in Israel, with their respective churches and institutions granted full religious
freedom. Palestinian Christians living in and about Jerusalem consider them-
selves a continuation of the Christian and Palestinian presence in Jerusalem
and in the Holy Land for almost two thousand years.
       Though no consensus has emerged as yet, Christian theologians, both
Catholic and Protestant, are seriously working to develop a new theology of
Israel and Jerusalem within the churches. Theologians and biblical scholars
such as John Pawlikowski, David Tracy, Walter Brueggemann, W.D. Davies,
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and others are rearticulating central Christian beliefs which will maintain
significant differences between Christianity and Judaism but also affirm the
implications regarding Israel and Jerusalem of God's continuing Covenant
with the Jewish people.
      This work is currently impacting Christian theological understandings in
the areas of covenant, incarnation, and "land," the Christ event and "holy
space," creation and our ecological heritage, God's continuing presence in
nonhuman creation, ethical and liturgical questions related to land.

Catholicism's Traditional Approach to Israel and Jerusalem

Catholic Christianity has a long tradition of an explicitly theological approach
to Israel and Jerusalem. Israel has never been merely a political issue for the
Church. It is important that Catholic High School students as well as Jewish
young people understand the main aspects in the development of this theolog-
ical tradition. Unfortunately, Catholics are generally quite unaware of these
details in their history.
       Two main tendencies have shaped Catholic understanding of the Jewish
people, Israel and Jerusalem over the centuries. These tendencies, rooted in
the early centuries of Christianity, are: a theology of "perpetual wandering";
and, replacing an "earthly" Israel with a "heavenly" Jerusalem and an
eschatological Zion.
       (1) A theology of "perpetual wandering" began in the Patristic era when
a comprehensive anti-Jewish theology was developed. (Refer to earlier Units
of this Curriculum Guide) This theological perspective held that, in addition
to revoking the Covenant with the Jews, God punished the Jewish people for
their non-acceptance of Jesus as Messiah and for their deicide by relegating
them forever to the status of "displaced persons" among the nations of the
world. Jews, therefore, were not meant to return to Israel and Jerusalem as
their promised homeland.
       This supersessionist view, an important component of the "teaching of
contempt," was invalidated by Vatican Council II in Nostra Aetate (4). The
Church's new teaching: (a) asserted that there never existed any basis for the
accusation of deicide; (b) affirmed the continuing validity (after the rise of
Christianity) of God's Covenant with the Jewish people; (c) affirmed the bond
which Jews and Christians now share through the Covenant.
       (2) The Christian emphasis on a "heavenly Jerusalem" and an
eschatological Zion gave rise to the Christian term "Holy Land" and was an
effort to replace the supposedly exclusive Jewish emphasis on "earthly" Israel.
This theological tendency attempted to neutralize continued Jewish claims to
Israel and Jerusalem. It implied that the land had now passed over into
Christian hands. Passages from the Letter to the Hebrews and the Book of
Revelation were used in developing this theology.
                                                       Israel and Jerusalem • 89



      Justin Martyr in the second century introduced the term "holy land"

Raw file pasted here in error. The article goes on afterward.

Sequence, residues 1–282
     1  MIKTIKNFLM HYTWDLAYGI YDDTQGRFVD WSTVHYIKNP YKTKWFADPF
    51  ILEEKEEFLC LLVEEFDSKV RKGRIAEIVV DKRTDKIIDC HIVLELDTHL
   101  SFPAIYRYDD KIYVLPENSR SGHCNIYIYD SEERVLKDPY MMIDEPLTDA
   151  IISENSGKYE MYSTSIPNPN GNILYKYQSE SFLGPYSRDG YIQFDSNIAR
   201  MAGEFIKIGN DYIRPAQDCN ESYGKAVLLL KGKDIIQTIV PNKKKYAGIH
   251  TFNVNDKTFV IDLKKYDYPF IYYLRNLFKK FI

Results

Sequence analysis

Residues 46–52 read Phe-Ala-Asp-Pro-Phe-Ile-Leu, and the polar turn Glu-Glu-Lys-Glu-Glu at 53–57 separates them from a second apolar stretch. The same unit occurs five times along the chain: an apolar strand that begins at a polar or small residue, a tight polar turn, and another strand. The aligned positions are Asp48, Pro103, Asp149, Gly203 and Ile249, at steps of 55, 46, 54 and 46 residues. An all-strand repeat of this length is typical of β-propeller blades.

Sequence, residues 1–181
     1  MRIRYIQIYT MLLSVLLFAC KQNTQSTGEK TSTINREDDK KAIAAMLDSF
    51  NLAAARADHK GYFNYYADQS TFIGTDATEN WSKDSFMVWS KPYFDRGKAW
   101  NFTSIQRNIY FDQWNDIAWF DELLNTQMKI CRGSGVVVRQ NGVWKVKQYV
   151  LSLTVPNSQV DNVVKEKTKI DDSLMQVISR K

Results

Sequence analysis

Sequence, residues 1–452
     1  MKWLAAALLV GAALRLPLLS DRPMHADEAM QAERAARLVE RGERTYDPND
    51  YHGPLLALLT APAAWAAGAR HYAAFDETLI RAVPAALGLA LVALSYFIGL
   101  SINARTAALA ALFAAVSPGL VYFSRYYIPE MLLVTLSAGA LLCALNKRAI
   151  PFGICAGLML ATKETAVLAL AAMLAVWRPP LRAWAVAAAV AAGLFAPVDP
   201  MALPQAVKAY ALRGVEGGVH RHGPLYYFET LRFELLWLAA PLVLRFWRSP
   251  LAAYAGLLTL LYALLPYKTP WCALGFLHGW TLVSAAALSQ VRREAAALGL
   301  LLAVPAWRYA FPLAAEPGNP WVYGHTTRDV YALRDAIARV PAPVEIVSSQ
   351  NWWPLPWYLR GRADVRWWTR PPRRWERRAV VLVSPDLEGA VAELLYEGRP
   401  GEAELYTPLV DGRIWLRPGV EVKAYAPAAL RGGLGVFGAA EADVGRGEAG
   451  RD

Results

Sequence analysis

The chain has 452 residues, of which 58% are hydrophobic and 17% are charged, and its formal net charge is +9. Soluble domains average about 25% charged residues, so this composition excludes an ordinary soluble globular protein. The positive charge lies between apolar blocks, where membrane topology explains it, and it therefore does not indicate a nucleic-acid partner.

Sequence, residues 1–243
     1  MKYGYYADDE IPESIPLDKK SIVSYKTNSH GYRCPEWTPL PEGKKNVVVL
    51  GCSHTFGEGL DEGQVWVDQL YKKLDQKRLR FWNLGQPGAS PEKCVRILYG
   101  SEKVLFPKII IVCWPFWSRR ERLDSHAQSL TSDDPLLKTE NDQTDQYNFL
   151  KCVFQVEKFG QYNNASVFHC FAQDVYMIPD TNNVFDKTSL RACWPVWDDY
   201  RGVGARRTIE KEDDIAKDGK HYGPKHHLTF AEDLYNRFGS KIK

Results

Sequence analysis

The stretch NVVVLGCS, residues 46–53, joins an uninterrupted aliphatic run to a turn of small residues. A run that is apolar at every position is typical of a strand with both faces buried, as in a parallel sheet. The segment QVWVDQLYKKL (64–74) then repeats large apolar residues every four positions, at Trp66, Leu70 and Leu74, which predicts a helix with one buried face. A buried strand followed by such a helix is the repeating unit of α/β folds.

when he contrasted the temporary possession of the land under Joshua with
the eternal possession to come upon the Second Coming of Jesus. Christians,
now the real descendants of Abraham, will one day possess the land.
      This eschatological vision of a future rebuilding of Jerusalem at the
return of Jesus was reaffirmed by Irenaeus. Several centuries later this under-
standing served as the foundation of the Crusaders' drive for the restoration
of Jerusalem and the Holy Land into Christian hands.
      In the third century Origen and Eusebius further developed the "heav-
enly Jerusalem" theology by interpreting the Old Testament prophecies about
Jerusalem and the land in an entirely spiritual manner (e.g., Paul's texts about
Jerusalem do not describe an earthly city, but a heavenly one which is des-
tined to replace the earthly Jerusalem). Eusebius reaffirmed this theology,
which served to undercut and delegitimize all Jewish religious claims to the
land.
      Fortunately, the full and formal diplomatic recognition of Israel by the
Holy See in 1993-1994 effectively brought to a close this long history of anti-
Jewish attitudes regarding Israel and Jerusalem. It has significantly refocused
the Jewish-Christian conversation resulting in efforts to construct new Chris-
tian theological understandings regarding Israel and Jerusalem.

Catholic Reflections on Zionism

It is recommended that—in preparation for, following, or in the context of a
class on Zionism—the following main developments in the Church's relation-
ship with Zionism be taught to both Catholic and Jewish students at the
appropriate age level.
       Jan. 25, 1904: Shortly after the emergence of the concrete Jewish
movement for the restoration of a Jewish homeland with political sovereignty,
Theodor Herzl approached the Vatican on this issue in the name of the
World Zionist Congress. The essence of Pope Pius X's response was: "The
ground of Jerusalem . . . has been sanctified by the life of Jesus Christ. As
head of the Church, I cannot answer you otherwise. The Jews have not
recognized our Lord, therefore we cannot recognize the Jewish people. If you
come to Palestine and settle your people there, we shall keep churches and
priests ready to baptize all of them."
       But two weeks later, a dejected Herzl met the Vatican Secretary of
State, Cardinal Merry del Val. The Cardinal softened the Vatican's opposition
by telling Herzl: "If the Jews believe they might greatly ease their lot by being
admitted to the land of their ancestors, then we would regard that as a
humanitarian question. We shall never forget that without Judaism, we